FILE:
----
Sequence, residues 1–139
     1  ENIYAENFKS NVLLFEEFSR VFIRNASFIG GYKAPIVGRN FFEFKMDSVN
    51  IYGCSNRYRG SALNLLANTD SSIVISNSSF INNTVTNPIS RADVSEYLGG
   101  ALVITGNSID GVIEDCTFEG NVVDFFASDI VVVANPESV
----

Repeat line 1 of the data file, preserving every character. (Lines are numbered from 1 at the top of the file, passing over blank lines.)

Sequence, residues 1–139